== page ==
Ask the Nutritionist: Healthy lifestyle plays role in cancer risk
Q: Can lifestyle really make much difference in cancer risk? Doesn't cancer really come down mostly to heredity and luck?
A: A healthy lifestyle can't prevent all cancer, but it makes a big difference. Healthy eating habits combined with regular physical activity and a healthy weight can prevent about 1 in 3 of the most common U.S. cancers. By adding avoidance of tobacco and sun damage, today's research says we could cut the number of cancers occurring in the United States every year nearly in half.
Only about 5 to 10 percent of all cancers are thought to be caused by an inherited "cancer gene." If you have a close relative (mother, father, sister or brother) who has had cancer, or if you carry a cancer gene, it's important to get periodic screenings on a schedule recommended by your health care provider.
Even with a strong family history of a particular cancer, eating habits and lifestyle choices can influence whether cancer actually develops. Some people may inherit genes that make them especially sensitive to the effects of lifestyle choices.
As for luck, it's true that whenever cells divide and reproduce, there's potential for mutations (damaged DNA) that can possibly lead to cancer. However, the body has mechanisms to repair DNA and cause abnormal cells to self-destruct. Nutrients and phytochemicals (natural compounds in vegetables, fruits, whole grains and other plant foods) provide important support for those processes.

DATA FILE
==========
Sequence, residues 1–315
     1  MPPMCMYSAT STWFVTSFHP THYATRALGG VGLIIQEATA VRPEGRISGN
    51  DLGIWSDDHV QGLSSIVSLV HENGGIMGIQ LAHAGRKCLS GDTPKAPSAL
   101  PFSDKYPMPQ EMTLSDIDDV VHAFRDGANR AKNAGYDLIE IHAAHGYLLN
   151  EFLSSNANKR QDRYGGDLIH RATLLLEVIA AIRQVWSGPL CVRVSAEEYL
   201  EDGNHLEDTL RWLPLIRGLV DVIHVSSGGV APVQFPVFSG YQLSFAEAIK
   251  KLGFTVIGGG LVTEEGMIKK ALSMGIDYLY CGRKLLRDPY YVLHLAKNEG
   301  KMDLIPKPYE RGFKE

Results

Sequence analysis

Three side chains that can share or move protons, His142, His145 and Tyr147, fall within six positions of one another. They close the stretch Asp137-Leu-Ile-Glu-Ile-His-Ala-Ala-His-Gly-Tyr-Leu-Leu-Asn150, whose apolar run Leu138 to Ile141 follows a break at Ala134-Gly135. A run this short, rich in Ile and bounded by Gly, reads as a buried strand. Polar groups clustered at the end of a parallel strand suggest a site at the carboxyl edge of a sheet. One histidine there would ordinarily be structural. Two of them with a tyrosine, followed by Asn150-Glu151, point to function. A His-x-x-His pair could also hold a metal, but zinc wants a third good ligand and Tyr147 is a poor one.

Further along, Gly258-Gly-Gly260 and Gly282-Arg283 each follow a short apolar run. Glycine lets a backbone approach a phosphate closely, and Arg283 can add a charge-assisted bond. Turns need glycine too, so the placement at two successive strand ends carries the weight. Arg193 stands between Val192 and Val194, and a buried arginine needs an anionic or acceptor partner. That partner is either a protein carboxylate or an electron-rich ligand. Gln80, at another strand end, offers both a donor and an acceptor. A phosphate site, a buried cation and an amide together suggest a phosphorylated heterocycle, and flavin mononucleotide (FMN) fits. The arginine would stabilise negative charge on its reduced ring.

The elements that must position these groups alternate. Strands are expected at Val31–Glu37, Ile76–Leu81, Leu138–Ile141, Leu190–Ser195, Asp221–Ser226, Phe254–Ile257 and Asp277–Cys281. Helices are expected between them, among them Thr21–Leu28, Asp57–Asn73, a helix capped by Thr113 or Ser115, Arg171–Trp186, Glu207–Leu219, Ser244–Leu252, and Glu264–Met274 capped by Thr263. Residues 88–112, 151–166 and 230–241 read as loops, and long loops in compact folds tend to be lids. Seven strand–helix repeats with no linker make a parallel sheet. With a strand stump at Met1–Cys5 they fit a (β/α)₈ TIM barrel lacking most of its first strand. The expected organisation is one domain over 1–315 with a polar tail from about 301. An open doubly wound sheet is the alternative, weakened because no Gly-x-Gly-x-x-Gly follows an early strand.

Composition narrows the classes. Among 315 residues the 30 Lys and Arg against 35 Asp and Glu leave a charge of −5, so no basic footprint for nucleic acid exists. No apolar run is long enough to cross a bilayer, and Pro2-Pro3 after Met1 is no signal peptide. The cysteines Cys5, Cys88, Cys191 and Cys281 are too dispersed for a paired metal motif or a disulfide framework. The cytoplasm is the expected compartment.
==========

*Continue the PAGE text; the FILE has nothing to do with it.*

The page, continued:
Moreover, genes can be activated and deactivated (like switching on or off their ability to send signals), and the way we live influences that.
By limiting unhealthy foods and avoiding tobacco smoke, excess alcohol, too much sun or exposure to high levels of certain chemicals, you help reduce chances of damage to genes. Through healthy food and drink choices, combined with physical activity and a healthy weight, you provide protective influences both at the stage of initial cell damage that starts the cancer process, and throughout stages that follow, reducing potential of any damaged cells to multiply and ever develop into a clinical cancer.
The American Institute for Cancer Research is the cancer charity that fosters research on the relationship of nutrition, physical activity and weight management to cancer risk, interprets the scientific literature and educates the public about the results.
It has contributed more than $105 million for innovative research conducted at universities, hospitals and research centers across the country. AICR has published two landmark reports that interpret the accumulated research in the field, and is committed to a process of continuous review. AICR also provides a range of educational programs to help millions of Americans learn to make dietary changes for lower cancer risk. AICR is a member of the World Cancer Research Fund International.
• The American Institute for Cancer Research is the cancer charity that fosters research on the relationship of nutrition, physical activity and weight management to cancer risk, interprets the scientific literature and educates the public about the results.